An infographic showing the 2017 Global Carbon Budget.
Burning of fossil fuels worldwide is set to hit a record high in 2017, following three years of flat growth that raised hopes that a peak in global emissions had been reached, the Global Carbon Budget report published on Monday revealed.
In the U.S., emissions are projected to decline 0.4 per cent (minus 2.7 per cent to plus 1.9 per cent) in 2017, lower than the decline of 1.2 per cent per year averaged over the previous decade, with an unexpected rise in coal consumption (GDP up about 2.2 per cent in 2017).
Carbon dioxide emissions from fossil fuels and industry, the bulk of man-made greenhouse gases, were on track to gain 2 percent in 2017 from 2016 levels to a record high of about 37 billion tonnes, it said.
Richard Black, director of the Energy and Climate Intelligence Unit think-tank who was not involved in the study, said carbon emissions per unit of GDP were falling.
The US is expected to see slower decline in its carbon emissions, from an annual 1.2% drop over the past 10 years to a decrease of 0.4% this year, with a return to growth in coal use, as president Donald Trump promised to rescue the coal industry.
But, after a brief dip last year, China's emissions are projected to rise approximately 3.5 percent this year.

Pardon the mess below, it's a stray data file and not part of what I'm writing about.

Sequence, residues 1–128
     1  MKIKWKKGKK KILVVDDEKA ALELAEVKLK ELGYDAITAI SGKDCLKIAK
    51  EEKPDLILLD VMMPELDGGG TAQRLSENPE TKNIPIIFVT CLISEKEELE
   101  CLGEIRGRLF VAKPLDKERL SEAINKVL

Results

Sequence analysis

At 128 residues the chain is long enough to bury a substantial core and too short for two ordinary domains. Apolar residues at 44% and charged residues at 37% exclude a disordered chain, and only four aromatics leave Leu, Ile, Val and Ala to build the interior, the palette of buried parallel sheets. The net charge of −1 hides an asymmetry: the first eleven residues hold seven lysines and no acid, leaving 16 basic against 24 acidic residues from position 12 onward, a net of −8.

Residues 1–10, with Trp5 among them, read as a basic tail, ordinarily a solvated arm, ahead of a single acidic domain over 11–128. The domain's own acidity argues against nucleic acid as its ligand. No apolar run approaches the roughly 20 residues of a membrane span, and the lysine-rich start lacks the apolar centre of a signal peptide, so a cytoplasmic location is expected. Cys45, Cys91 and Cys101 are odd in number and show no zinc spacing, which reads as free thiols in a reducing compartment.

This is important because climate change is related to the total level of Carbon dioxide in the atmosphere. This is very disappointing. This is a window into the future. "It is far too early to proclaim that we have turned a corner and started the journey towards zero emissions".
In 2017, Carbon dioxide emissions from fossil fuels and industry are projected to grow by 2% (0.8% to 3%). When emissions flatlined for three years, it was the result of the country's reduced economic growth. "As GDP rises, we produce more goods, which, by design, produces more emissions", Jackson added.
As the world's biggest emitter China's projected 3.5% increase is a big contributor to the global trend. In the United States, fossil-fuel emissions are projected to fall by approximately 0.4 percent this year, compared to an average decline of 1.2 percent per year over the past decade.
This year is expected to be the first time in five years that coal consumption will increase (by 0.5 percent) in the country.
Atmospheric CO2 concentration reached 403 parts per million in 2016, and is expected to increase by 2.5 ppm in 2017.
Yang Fuqiang, senior adviser for the NRDC China Program, said the eventual carbon emissions of 2017 could be lower than forecast, as authorities have put on a large-scale production curb on industries such as steel and cement to combat air pollution during winter months. It is more likely that emissions will plateau or have a slight positive growth broadly in line with national emission pledges submitted to the 2015 Paris Climate Change Agreement.
The team flags that persistent uncertainties exist in our ability to estimate recent changes in emissions, particularly when there are unexpected changes as in the last few years.
"Having achieved the success of a global agreement to tackle climate change in Paris two years ago, these findings show that we need more than warm words in conference halls to tackle a warming world".